Having taught for 26 years I have come to realise that the cycle of new ideas and innovations in education is endless.
Over the years many new ideas have been totally ignored by sane practitioners. Occasionally ideas have changed attitudes to education completely, sometimes in the form of a total revelation, making so much sense and being so immediately obvious that practice would be changed forever.
When I started teaching, early years education was much simpler (although learning is eternal and will continue despite what we do to children in schools). In those days children were expected to leave primary school with basic numeracy and literacy skills and a bit of everything else.
The first innovation I recall in the 70s was ‘science’. Suddenly we were told we needed mountains of skeletons, electrical circuits, plastic examples of life cycles of frogs and batteries. No one had the slightest idea what to do with these but we were told it was very important to have them labelled and put away in a ‘science’ cupboard. I am sure I recall some preserved, wizened dead creatures too. But on reflection they were probably just the other staff.
Next came D & T. No one knew what this stood for. Many people thought it might be a spelling mistake and should be G & T (Gin & Tonic - useful at the end of a long, hard day working with young children). Design and Technology meant entire budgets being spent on wood, nails and hammers. They too were labelled and away in a cupboard. Similar ideas continued to arrive in a steady flow.
Then in the 90s came the National Curriculum with documents arriving in separate folders, each a different colour. This led to hysterical renditions of the Rainbow Song – ‘red and yellow and pink and green, orange and purple and blue’ - in educational establishments throughout the land. These too were filed in cupboards. But we remained optimistic.
Suddenly the Government invented OFSTED, whose initial brief was to ensure that schools had their National Curriculum folders filed in the correct order. Schools that hadn’t achieved this failed and were put into special measures. Though what on earth one was supposed to measure things with when all the maths equipment was labelled and put away in a cupboard was beyond me. I wondered if special measures meant using special things to measure with but I was not aware that the Government had sent us special measuring things (perhaps I was off sick that week).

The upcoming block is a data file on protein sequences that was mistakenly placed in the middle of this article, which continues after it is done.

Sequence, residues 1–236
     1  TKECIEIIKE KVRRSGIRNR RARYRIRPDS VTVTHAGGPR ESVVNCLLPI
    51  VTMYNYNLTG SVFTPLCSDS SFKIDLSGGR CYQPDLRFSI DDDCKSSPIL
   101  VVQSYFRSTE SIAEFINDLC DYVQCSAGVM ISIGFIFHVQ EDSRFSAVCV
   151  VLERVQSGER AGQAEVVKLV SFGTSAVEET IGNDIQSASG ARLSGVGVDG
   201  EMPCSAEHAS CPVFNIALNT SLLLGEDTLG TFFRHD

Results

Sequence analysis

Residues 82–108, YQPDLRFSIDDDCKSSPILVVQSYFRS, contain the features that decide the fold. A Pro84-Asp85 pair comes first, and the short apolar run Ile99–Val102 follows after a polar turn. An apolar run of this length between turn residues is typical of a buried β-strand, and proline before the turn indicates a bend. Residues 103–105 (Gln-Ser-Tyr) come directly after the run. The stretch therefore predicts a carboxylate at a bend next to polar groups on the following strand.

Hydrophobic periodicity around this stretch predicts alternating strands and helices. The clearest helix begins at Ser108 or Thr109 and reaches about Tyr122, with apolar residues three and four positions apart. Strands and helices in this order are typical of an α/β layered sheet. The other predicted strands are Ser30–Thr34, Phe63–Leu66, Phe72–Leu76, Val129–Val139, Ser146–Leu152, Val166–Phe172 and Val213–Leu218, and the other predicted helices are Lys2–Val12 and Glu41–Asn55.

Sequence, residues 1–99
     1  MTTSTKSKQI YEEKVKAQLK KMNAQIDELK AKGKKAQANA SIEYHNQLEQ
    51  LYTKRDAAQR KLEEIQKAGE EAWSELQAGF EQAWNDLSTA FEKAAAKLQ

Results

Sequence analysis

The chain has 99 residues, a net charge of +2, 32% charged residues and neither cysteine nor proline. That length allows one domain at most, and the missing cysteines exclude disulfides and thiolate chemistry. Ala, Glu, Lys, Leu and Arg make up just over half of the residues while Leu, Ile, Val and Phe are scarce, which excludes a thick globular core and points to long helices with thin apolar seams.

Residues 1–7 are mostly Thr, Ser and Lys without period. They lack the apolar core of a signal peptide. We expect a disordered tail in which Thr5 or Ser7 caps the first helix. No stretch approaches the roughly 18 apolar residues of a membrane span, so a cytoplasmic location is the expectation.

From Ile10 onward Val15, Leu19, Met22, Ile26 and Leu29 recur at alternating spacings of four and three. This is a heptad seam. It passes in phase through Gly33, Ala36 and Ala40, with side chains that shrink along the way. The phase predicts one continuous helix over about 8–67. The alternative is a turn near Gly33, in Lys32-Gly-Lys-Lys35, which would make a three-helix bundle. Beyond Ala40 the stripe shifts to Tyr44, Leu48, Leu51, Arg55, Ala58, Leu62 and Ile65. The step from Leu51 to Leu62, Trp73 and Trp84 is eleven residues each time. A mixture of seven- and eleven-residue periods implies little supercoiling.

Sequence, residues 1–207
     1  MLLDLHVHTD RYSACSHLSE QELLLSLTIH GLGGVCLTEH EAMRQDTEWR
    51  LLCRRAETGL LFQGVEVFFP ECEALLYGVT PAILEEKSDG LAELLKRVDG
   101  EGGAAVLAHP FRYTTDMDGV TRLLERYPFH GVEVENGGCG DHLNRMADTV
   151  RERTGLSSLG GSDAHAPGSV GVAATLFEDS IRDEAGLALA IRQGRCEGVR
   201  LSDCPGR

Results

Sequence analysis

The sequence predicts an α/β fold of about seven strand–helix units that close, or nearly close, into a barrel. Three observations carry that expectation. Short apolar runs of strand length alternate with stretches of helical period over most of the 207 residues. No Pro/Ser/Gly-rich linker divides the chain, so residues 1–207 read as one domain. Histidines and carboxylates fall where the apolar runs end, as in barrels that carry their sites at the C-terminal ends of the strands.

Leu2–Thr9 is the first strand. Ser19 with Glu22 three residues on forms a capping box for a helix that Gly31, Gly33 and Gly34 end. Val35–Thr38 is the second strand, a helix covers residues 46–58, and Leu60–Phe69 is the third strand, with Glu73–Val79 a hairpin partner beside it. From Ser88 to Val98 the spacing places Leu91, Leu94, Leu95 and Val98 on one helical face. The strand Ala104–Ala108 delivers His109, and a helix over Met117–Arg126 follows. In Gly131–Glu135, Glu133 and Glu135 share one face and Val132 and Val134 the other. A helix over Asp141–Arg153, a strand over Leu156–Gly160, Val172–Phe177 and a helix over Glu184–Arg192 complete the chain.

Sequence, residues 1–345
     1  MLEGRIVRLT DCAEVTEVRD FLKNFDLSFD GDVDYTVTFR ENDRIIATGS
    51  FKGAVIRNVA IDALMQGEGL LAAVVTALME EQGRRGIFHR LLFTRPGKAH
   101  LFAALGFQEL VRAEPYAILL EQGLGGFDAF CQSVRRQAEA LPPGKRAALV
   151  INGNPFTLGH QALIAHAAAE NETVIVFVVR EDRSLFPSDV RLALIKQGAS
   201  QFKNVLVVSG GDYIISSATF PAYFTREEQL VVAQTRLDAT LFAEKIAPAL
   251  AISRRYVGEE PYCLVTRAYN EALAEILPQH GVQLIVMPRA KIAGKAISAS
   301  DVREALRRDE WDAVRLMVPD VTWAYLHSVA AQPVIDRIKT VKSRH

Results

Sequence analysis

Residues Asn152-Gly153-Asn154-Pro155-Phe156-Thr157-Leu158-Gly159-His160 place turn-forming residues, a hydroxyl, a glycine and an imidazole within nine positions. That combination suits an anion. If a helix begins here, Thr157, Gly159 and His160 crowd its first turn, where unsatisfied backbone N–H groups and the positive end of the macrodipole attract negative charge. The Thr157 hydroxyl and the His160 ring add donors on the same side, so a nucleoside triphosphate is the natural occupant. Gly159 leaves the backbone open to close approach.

SATS quickly followed. All children had to sit SATS. They sat SATS at 7, sat SATS again at 11 and then hopefully had their lunch following which they sat SATS again at 13. 13 is European time which means 1 o’clock. Children who ate their lunch slowly would fail to sit their SATS and so failed their SATS.
Following the apparent success of SATS, for a time we expected the Government to declare that young children should also sit SATS at 2,3,4,5 or even 6, which is probably past their normal going home time and you could absolutely guarantee no one would get paid overtime!
At this point I abandoned the primary ‘ship’ and headed for what I thought were the safe harbours of Early Years education - then relatively free from Government directives.
What a fool! In the past few years we have had Desirable Outcomes, now replaced with Early Learning Goals - which are reached through Stepping Stones. We have had Baseline Assessment, different Baseline Assessment, On Entry Profiles, Assessment Profiles and now our very own OFSTED inspectors.
Many years ago, before teaching, I worked briefly as a psychiatric nurse. During my interview for a place at teacher training college I was told that my psychiatric training would be useful as a teacher. I assumed they meant in terms of dealing with lots of ‘crazy’ children. Or did they mean the Government? I wonder…